This shocking figure reflects a 50% decrease from estimates prior to the Covid-19 pandemic.
“Underfunded schools, underpaid and underqualified teachers, overcrowded classrooms and archaic curricula compromise our children’s ability to reach their full potential,” said Catherine Russel, CEO of theUNICEF in a press release.
“The trajectory of our education systems is by definition, the trajectory of our future,” she added. “We must reverse current trends or suffer the consequences of depriving an entire generation of education, because low levels of learning today mean fewer opportunities tomorrow.”
Mobilization day organized by young people
The “Transforming Education” summit, which is due to last until September 19, began at the United Nations headquarters on Friday in New York with a day of mobilization organized by young people, who welcomed the UN Secretary-General , Antonio Guterresand the new President of the General Assembly, Csaba Kőrösi.
Saturday will be a “Day of Solutions” led by the Secretary-General and Amina Mohammed, the UN Deputy Secretary-General.
On Monday, António Guterres will close the summit with a statement in the presence of world leaders in the General Assembly Hall.
The education crisis will be at the heart of a series of events. In particular, the serious consequences of school closures during the pandemic on the educational level of millions of children will be illustrated by an exhibition proposed by UNICEF, drawing attention to the urgent need for a transformation of the education globally.
© UNICEF//Chris Farber
Children doomed to illiteracy
A model classroom, dubbed the “School Crisis Room” will be displayed to the public at the entrance to UN Headquarters between September 16 and 26.
A third of the writing desks in this class, designated by satchels stamped with the UNICEF emblem, will represent the number of ten-year-old children doomed to illiteracy by the flaws in education.
This is the start of a campaign by the agency to promote, under the acronym RAPID, investments in public education globally and to unlock the potential of millions of children.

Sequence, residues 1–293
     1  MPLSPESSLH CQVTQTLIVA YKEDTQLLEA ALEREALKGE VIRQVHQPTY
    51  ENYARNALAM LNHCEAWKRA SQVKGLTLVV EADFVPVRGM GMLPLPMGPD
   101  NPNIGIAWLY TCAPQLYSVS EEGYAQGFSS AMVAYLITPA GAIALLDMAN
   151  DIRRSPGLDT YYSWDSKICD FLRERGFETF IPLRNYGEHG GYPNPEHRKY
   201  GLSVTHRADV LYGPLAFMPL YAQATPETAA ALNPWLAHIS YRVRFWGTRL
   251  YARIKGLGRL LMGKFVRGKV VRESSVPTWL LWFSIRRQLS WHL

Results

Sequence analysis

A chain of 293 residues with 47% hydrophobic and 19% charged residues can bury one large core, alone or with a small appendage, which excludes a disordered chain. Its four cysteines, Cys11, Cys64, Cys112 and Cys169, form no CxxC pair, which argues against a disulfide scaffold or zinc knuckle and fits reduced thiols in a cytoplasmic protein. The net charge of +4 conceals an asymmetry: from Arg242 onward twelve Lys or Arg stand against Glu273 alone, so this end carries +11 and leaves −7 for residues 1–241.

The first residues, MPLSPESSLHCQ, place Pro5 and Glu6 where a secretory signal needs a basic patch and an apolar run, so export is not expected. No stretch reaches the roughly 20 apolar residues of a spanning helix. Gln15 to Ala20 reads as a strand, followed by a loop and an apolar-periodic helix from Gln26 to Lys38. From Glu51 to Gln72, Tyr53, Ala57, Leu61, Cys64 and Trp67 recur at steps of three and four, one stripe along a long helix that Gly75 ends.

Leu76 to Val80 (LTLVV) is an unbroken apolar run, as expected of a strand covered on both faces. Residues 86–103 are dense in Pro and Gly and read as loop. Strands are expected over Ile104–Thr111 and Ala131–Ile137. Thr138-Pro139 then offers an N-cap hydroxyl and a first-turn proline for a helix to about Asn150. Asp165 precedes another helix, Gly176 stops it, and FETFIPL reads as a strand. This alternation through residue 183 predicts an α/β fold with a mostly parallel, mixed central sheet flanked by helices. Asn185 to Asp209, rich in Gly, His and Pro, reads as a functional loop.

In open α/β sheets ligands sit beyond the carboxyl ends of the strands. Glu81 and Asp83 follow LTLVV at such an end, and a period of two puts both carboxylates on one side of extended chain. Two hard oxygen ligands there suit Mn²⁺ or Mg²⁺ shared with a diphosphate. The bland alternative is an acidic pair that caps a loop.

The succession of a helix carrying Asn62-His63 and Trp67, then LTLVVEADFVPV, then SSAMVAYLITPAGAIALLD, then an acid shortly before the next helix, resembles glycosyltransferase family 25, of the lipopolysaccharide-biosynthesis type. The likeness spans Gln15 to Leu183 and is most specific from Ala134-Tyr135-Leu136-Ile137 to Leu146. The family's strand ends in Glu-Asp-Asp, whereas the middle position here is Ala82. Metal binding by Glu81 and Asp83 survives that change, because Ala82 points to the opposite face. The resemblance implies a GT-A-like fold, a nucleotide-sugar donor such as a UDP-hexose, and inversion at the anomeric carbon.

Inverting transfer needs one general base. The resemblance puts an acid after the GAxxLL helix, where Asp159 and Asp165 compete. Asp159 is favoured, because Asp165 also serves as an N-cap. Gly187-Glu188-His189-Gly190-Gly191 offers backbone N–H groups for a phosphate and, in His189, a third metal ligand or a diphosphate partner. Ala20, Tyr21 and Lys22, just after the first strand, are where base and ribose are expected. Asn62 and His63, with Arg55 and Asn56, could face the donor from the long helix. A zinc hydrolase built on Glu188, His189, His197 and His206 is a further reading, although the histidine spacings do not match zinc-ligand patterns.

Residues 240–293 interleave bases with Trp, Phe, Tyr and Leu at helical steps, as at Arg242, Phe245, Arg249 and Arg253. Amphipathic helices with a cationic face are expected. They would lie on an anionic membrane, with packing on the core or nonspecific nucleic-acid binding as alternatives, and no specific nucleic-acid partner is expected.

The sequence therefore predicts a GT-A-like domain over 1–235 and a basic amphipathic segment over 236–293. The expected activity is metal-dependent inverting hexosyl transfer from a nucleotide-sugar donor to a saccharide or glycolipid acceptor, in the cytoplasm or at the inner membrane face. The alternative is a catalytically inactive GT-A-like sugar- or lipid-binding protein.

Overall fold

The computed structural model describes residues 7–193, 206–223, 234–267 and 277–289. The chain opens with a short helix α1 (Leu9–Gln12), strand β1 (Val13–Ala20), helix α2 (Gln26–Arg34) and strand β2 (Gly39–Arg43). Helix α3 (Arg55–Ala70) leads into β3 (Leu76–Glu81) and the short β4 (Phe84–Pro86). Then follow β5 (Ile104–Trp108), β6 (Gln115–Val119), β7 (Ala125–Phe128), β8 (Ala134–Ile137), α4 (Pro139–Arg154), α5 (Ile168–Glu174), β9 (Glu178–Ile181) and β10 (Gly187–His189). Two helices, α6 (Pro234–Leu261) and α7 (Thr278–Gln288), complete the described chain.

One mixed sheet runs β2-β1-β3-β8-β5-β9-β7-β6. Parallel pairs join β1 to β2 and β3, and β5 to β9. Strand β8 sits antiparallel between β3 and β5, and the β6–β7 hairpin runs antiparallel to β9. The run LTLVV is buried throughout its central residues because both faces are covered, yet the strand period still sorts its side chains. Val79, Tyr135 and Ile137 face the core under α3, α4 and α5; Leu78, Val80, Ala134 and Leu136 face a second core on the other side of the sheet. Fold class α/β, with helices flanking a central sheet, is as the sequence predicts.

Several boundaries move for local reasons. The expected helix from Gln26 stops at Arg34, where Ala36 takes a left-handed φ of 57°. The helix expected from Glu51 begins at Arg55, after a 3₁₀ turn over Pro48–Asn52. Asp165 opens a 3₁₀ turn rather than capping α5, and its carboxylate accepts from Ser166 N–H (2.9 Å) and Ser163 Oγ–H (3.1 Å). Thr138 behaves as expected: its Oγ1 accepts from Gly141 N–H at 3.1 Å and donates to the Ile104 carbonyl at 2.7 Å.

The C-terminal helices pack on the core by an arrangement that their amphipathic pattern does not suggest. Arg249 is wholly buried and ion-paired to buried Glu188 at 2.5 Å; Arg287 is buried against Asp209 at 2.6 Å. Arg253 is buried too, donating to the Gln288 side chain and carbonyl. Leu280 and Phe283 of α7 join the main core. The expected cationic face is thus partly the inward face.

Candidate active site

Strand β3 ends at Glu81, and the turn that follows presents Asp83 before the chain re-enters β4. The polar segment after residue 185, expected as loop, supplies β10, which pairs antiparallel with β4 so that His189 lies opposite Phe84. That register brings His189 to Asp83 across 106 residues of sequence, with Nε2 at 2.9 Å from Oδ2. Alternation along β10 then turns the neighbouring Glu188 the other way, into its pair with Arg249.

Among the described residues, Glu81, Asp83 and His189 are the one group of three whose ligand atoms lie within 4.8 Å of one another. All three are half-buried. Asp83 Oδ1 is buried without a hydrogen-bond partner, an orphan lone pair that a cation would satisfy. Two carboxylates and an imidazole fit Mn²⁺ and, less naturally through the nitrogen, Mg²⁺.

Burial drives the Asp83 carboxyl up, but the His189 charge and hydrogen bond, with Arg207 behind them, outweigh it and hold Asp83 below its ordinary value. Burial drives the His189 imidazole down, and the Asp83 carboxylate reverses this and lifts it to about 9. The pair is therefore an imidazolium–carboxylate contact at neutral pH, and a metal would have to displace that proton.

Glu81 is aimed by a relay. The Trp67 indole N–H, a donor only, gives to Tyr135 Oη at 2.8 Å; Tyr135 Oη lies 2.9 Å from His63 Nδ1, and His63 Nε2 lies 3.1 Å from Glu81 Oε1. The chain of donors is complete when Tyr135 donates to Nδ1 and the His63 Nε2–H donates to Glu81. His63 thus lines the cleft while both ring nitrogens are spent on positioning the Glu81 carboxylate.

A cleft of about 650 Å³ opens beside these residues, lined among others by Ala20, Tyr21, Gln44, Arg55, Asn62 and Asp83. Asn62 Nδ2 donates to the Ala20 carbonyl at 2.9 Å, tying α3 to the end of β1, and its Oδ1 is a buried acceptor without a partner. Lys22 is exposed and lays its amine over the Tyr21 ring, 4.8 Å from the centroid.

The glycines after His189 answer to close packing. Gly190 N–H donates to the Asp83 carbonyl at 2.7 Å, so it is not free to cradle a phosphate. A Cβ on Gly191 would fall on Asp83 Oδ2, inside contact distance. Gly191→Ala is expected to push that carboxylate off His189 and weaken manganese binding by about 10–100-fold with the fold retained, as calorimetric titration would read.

Call for bold action
Also this Friday, more than 100 leaders delivered a letter calling on the Summit to commit resources to tackle the global education crisis, to pledge to take bold action, and to ensure that “the first generation of history where every child goes to school”.
This letter is signed in particular by former Presidents, Prime Ministers, Ministers of Foreign Affairs, including the former Nigerian President Olusegun Obasanjo, the former Administrator of the United Nations Development Program (UNDP) Helen Clark and former UN Secretary General Ban Ki-moon.
“We are so far from our goal of universal education by 2030 that if we do not act quickly and generously, we will fall even further behind our Sustainable Development Goal 4, which is to ensure inclusive education. and equitable quality and to promote lifelong learning opportunities for all,” they write.
Signatories to the letter propose “a pact for global education between developing countries and developed economies that provide donor aid.”
Through such a pact, countries would agree to increase education spending in stages to at least 4-6% of their national income, over a five-year period, and invest between 15% and 20% of all their public spending on education.
According to the letter, sustainable financing for education can be increased through national action to reform national tax systems, coupled with international action to reduce tax loopholes and illicit financial flows. At the same time, multilateral institutions can offer enhanced support to encourage the acceleration of educational opportunities.